The media often reacts to Trump’s outrages as though his presidency is on the verge of ending (some on the right also harbor this fantasy). But there’s no magic mechanism that is going to make him disappear.
We discussed a question related to this on The Editors podcast yesterday, which we recorded before the press conference. I asked whether the Charlottesville episode would be a blip or a watershed in how people view Trump. Michael Brendan Dougherty argued watershed. I thought blip, but then adopted Dan McLaughlin’s formulation — not watershed or blip, but erosion, part of a steady slide.
That’s still my answer, but Trump should realize what thin ice he’s on. I don’t think there are any Republican senators who are enthusiastic about him in private, and many disdain him. These are the people that Trump may eventually need to protect him in a Senate impeachment trial.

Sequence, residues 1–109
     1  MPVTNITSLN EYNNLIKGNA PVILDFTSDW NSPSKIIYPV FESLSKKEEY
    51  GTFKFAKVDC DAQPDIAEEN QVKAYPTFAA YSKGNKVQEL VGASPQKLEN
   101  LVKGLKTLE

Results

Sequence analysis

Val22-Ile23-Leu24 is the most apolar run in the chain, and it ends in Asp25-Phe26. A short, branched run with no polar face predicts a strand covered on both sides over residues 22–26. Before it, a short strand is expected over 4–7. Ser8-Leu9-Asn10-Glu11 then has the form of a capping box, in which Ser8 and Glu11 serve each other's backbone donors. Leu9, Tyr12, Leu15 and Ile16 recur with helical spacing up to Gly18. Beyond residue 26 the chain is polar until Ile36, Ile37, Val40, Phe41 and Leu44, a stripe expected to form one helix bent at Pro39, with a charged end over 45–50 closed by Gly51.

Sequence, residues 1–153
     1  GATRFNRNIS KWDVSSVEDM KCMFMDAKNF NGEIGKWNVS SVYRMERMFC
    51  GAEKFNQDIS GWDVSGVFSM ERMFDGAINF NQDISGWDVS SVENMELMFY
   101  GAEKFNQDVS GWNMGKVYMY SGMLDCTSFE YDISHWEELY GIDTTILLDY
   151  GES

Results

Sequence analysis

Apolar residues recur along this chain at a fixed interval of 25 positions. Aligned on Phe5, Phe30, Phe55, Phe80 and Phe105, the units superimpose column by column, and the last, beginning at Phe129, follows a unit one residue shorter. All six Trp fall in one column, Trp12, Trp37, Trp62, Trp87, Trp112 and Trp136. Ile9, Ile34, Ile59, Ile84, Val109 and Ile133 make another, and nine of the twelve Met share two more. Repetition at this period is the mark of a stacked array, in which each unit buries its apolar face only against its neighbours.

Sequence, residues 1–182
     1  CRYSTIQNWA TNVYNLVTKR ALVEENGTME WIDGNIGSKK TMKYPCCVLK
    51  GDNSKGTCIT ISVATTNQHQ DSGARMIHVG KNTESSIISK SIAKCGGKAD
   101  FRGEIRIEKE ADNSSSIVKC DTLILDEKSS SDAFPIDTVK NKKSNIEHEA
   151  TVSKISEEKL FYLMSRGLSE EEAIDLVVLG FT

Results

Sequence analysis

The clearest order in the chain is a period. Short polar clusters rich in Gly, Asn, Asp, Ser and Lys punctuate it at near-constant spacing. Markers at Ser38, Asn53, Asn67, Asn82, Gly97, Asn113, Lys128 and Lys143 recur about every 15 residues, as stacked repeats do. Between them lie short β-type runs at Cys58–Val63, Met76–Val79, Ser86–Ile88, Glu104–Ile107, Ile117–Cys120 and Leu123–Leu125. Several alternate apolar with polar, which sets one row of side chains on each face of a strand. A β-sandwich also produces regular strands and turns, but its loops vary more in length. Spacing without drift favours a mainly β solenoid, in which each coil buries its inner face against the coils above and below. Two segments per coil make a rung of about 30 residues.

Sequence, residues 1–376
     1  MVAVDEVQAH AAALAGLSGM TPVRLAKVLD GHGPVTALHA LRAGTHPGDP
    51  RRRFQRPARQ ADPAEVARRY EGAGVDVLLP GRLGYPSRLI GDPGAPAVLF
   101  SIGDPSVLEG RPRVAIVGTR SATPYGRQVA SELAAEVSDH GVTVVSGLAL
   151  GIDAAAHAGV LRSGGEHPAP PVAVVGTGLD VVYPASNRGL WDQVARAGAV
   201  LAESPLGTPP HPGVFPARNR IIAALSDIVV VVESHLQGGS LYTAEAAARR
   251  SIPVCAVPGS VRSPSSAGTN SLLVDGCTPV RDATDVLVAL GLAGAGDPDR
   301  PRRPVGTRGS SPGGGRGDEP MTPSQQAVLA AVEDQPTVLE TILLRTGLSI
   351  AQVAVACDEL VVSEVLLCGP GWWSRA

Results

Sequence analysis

And then there are Trump’s own officials. Oftentimes, the social-media focus on how political figures are reacting to a statement or event can be cheap — based, say, on one picture that captures someone at an awkward moment. This was not the case with General Kelly yesterday. This video shows that he was genuinely pained by what he heard:
WATCH: White House chief of staff John Kelly reacts to President Trump’s latest remarks on violence in Charlottesville, Virginia. pic.twitter.com/O9gwSCxwp8— NBC News (@NBCNews) August 16, 2017
If Kelly quit, it would likely be debilitating to the White House. So the answer is erosion, but the longer you erode, the less margin for error you have and eventually you will indeed reach a breaking point.